Saturday, April 20, 2019


A FATAL THAW by Dana Stabenow (1993)

Reviewed by Craig Sisterson

On her homestead in the middle of twenty million acres of national Park, Aleut PI Kate Shugak is caught up in spring cleaning, unaware that just miles away a man's sanity is breaking. When the sound of gunfire finally dies away, nine of his neighbors lie dead in the snow. But did he kill all nine, or only eight? The ninth victim was killed with a different weapon. It's up to Kate and her husky-wolf sidekick Mutt to untangle the life of the dead blonde with the tarnished past and find her killer. It won't be easy; every second Park rat had a motive. Was it one of her many spurned lovers? Was a wife looking for revenge? Or did a deal with an ivory smuggler go bad? Even Trooper Jim Chopin, the Park's resident state trooper, had a history with the victim. Kate will need every ounce of determination to find the truth before Alaska metes out its own justice....

I've been meaning to read Dana Stabenow's long-running Kate Shugak series for quite a while now, having heard good things, so when I had a wee breather between awards judging and other 'have-to' reads a little while ago, I snagged this one from my bookshelves and gave it a go. Very glad I did.

Kate Shugak is a fascinating main character. She is a native Alaskan, an Aleut, who used to work as an investigator for the District Attorney's office in Alaska's capital Anchorage before retreating from the mental, physical, and emotional wounds suffered in that job. She now calls a sprawling homestead in an Alaskan national park home, and works from there as a private investigator.

Stabenow writes a solid mystery, but the character of Shugak and the evocation of the Alaskan setting are the elements that elevate and differentiate A FATAL THAW among the crowd. As Spring blooms in Alaska, Shugak's small community is thrown into chaos when a mass shooting occurs, costing nine lives. Or that's how it seems at first - in fact one of the victims was killed by someone else.

Throughout Shugak's investigation, Stabenow brings the Alaskan setting to vivid life, both its landscapes and the people who call them home. This is a rural mystery with a real sense of frontier edge. Stabenow also does a good job taking readers into native culture with respect, alongside populating her mystery with a host of fascinating, eccentric characters you find in small towns.

Overall I really enjoyed this tale and will definitely be reading more of the Kate Shugak series.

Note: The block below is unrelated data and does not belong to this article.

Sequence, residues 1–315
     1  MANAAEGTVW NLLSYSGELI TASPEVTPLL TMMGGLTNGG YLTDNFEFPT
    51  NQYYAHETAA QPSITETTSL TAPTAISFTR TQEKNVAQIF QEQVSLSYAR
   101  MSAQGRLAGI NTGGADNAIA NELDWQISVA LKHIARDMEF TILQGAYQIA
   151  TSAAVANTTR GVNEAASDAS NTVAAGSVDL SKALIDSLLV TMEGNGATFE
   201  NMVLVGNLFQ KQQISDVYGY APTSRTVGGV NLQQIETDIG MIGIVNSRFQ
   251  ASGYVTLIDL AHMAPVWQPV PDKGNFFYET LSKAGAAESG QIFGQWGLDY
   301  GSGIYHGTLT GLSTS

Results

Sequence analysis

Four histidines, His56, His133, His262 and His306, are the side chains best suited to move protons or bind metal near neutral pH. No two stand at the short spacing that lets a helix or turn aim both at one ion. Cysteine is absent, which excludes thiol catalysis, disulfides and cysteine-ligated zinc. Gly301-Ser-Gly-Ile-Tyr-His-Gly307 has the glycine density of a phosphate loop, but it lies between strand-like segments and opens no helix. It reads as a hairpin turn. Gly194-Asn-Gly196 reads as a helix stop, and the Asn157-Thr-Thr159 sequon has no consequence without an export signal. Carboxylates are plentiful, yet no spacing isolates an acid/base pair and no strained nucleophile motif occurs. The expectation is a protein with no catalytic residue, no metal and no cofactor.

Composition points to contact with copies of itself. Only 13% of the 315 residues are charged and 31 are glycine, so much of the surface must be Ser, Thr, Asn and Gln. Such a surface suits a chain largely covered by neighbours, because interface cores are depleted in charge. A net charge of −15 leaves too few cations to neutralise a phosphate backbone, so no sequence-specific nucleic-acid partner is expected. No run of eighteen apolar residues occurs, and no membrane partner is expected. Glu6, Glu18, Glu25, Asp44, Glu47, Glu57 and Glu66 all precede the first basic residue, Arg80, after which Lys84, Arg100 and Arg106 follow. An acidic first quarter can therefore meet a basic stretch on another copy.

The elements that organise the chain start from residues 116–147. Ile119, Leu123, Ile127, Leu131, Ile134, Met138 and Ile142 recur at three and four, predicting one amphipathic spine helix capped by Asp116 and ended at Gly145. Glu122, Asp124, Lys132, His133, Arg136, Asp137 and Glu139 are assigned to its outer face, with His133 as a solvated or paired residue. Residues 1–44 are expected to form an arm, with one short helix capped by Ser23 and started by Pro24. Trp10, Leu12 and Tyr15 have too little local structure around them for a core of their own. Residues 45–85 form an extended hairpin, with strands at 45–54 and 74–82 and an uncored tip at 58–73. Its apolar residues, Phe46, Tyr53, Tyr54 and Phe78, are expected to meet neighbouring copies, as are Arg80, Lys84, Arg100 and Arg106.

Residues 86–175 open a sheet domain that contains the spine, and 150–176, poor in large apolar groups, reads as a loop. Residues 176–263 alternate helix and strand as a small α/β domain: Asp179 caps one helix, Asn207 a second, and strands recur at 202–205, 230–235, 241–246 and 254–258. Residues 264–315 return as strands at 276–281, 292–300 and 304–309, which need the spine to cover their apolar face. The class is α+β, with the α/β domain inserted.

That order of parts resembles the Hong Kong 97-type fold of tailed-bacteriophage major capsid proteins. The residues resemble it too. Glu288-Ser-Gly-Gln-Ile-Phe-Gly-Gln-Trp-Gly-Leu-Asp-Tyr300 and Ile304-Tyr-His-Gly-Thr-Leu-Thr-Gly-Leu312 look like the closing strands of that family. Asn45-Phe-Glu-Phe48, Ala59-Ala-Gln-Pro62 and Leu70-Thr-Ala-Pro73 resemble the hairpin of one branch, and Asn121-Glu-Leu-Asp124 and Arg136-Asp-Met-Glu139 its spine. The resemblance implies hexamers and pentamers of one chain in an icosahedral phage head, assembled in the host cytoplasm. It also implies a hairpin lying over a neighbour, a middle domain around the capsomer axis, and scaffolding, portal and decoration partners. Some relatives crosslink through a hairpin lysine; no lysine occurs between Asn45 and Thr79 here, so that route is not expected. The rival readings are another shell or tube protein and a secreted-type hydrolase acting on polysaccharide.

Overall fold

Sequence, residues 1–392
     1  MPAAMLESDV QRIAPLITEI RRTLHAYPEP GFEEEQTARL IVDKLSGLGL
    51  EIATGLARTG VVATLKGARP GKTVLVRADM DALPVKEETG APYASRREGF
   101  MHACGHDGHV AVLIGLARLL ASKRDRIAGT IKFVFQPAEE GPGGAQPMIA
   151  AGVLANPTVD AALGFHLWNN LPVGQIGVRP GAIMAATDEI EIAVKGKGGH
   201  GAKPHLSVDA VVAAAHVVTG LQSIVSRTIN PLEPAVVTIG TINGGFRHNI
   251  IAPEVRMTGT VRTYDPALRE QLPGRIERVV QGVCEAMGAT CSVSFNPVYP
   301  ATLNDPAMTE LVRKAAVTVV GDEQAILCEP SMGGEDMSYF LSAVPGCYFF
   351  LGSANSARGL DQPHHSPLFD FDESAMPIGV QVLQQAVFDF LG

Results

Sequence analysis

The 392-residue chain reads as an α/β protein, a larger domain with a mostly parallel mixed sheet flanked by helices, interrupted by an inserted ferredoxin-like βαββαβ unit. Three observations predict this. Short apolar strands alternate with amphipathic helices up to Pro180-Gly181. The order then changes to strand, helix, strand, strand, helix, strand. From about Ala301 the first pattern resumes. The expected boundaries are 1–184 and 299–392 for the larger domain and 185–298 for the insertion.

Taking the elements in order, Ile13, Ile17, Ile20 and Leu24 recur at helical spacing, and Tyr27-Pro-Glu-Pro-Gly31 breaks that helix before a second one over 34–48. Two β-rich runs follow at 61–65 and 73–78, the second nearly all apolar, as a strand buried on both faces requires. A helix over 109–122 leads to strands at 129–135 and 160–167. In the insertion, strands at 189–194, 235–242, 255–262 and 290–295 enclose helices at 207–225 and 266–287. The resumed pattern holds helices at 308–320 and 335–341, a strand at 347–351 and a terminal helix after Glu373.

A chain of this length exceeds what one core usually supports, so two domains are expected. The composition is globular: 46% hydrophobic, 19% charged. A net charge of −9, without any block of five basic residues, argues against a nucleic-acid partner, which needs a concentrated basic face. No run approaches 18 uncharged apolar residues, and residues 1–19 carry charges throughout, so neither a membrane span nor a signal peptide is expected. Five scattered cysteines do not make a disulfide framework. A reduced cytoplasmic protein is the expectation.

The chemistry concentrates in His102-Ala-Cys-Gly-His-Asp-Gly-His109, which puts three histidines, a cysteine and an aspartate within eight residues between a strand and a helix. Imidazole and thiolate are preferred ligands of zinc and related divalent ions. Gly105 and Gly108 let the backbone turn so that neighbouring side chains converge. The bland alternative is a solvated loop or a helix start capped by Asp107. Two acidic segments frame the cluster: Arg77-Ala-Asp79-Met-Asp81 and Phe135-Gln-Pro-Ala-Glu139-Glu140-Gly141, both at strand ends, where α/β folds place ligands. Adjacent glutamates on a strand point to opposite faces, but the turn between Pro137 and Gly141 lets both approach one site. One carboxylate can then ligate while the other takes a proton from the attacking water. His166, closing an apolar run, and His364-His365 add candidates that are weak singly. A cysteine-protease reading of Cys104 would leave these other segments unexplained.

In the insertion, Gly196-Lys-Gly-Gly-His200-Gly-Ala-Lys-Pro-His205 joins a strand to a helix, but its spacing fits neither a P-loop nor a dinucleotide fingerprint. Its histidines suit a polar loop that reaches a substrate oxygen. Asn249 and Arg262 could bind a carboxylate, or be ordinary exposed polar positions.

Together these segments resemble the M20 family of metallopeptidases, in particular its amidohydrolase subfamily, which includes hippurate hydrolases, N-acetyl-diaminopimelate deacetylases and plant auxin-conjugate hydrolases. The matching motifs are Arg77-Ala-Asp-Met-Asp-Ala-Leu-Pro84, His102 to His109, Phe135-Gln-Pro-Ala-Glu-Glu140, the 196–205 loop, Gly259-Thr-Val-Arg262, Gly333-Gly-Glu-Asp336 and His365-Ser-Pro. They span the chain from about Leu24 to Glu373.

Craig Sisterson is a lawyer turned features writer from New Zealand, now living in London. In recent years he’s interviewed hundreds of crime writers and talked about the genre on national radio, top podcasts, and onstage at books festivals on three continents. He has been a judge of the Ned Kelly Awards and the McIlvanney Prize, and is founder of the Ngaio Marsh Awards. You can heckle him on Twitter. 

Friday, April 19, 2019

Holds fast as peerless crime drama; Bosch Season 5 is masterful in many ways

TV Review: Bosch, season 5 (Amazon Prime)

Reviewed by Craig Sisterson

Fifteen months after bringing his mother's killer to justice, Bosch finds himself seeking the truth on two fronts. New evidence in an old case leaves everyone wondering whether Bosch planted evidence to convict the wrong guy. And a murder at a Hollywood pharmacy exposes a sophisticated opioid pill mill, sending Bosch down a dark and perilous path in pursuit of the killers.

From the writing to the acting to the cinematography, Season 5 of Bosch is another masterpiece of television crime drama. The series continues to march to its own beat, with long silences and ambient noise allowing the actors and emotional notes to breathe. No quick cuts and soaring soundtracks to artificially heighten tension here. The creators trust the material and the actors implicitly, and it shows. The story is delivered beautifully, masterfully.

Drawing heavily from Connelly's recent Bosch novel TWO KINDS OF TRUTH, season 5 sees Harry Bosch under pressure on multiple fronts, as an old case from his early days as a detective is challenged, threatening to return a killer to the streets and put Bosch's job and reputation in Jeopardy. Meanwhile Bosch and Edgar get entwined in an undercover operation to flush out violent killers who are running a pill mill scheme, harvesting from opiate addicts.

Of course, as with any Bosch season, there's a lot more going on too, within Hollywood homicide and beyond. There's so much to like about season 5; I won't spoil things by listing too many subplots and character arcs. Suffice to say it's pleasing to see the return of many familiar faces, who each play a part, along with some interesting new characters.

On the latter front, Honey Chandler's investigator Hector Bonner (Ryan Hurst of Sons of Anarchy & Remember the Titans), and Detective Christina Vega (Jacqueline Obradors of NYPD Blue) in particular stand out and bring a really nice energy to the already wonderful cast. Bosch's daughter Maddie (Madison Lintz) is growing into an even greater role, and her interplay with Harry, played note-perfectly again by Titus Welliver, is a key part of this season.